Still feel that New Zealand is an independent little Nation which has aeconomy not dependent on America’s fortune and willingness to consume more than any other people on earth? According to the Hamilton and Auckland foodbanks the people who need food is on the rise in NZ too.
With an artificially created international housing bubble by the international banking cartel of which John Key is very much a part off on the brink of collapse New Zealand will very much feel the pain. Who will suffer most? Hint: not John Key and his ilk.
This an article from stuff.co.nz.
It starts like this: In the richest nation on earth, a rising number of people line up for free food because they are struggling to put meals on the table at home.
And this is why Kiwi’s don’t get how incredibly serious America’s collapse is: This news paper still calls the US the richest Nation on Earth. Perhaps they tell the NZ readers this to allow them to believe that America’s problem can be solved with some sensible wealth redistribution but the problem is far deeper and more troublesome. The problem with this is the fact that the US is a third world country that doesn’t know it yet.
America’s National debt according to the USA Debt clock now stands at
$ 9,373,358,571,137.62. That’s right, 9.3 Trillion dollars and it increases at the astonishing rate of $1.34 billion per day. With all it’s production jobs outsourced,the housing market collapsing killing of the building industry, service jobs disappearing and a infra structure so dilapidated it is almost impossible to rebuild they only jobs now available are in the military industrial complex America is no longer the richest country in the world and this is not the USA going through a mere dip. This is an empire going through the full economic meltdown that ended the Roman empire and the English Empire and the Dutch Empire.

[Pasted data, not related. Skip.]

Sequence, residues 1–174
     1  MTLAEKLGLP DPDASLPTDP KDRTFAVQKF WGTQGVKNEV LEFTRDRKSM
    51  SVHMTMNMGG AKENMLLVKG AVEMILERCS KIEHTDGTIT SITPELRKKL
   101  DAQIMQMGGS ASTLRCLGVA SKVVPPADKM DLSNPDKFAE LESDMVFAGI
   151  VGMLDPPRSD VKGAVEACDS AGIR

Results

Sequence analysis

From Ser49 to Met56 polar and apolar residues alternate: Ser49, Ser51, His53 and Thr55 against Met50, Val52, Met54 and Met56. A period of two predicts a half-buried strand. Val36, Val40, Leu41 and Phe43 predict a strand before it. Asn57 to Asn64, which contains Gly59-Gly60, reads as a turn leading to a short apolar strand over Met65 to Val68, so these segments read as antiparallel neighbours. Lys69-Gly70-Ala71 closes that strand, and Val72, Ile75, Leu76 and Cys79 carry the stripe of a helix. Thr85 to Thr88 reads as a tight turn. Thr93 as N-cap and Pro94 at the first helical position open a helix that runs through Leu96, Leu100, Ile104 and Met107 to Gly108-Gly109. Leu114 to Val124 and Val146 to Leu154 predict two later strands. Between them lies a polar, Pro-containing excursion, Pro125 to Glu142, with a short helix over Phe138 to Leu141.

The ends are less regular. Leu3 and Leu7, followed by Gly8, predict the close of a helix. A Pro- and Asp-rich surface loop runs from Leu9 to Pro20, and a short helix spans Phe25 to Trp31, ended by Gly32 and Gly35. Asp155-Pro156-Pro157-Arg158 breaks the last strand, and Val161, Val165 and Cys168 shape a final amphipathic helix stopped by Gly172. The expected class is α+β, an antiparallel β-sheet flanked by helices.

Demand at food banks in the United States is up 15 per cent to 20 per cent over last year and many food banks are having difficulty coping, according to America’s Second Harvest, the largest US food bank provider with 200 in its network.
Food bank networks procure nonperishable and fresh produce from suppliers, then stock it in warehouses before distributing it via a chain of community food banks across the country.
The total number of people who use them is not known but the upward trend is one sign of a US economic downturn in which soaring fuel costs and the rising price of other basic goods have pushed many people on low incomes or without jobs into hardship.
The banks say more people with steady jobs are turning up at their centers to wait in line, fill out forms and collect rations of free or reduced-price food. In a parallel development demand for government food stamps is also rising.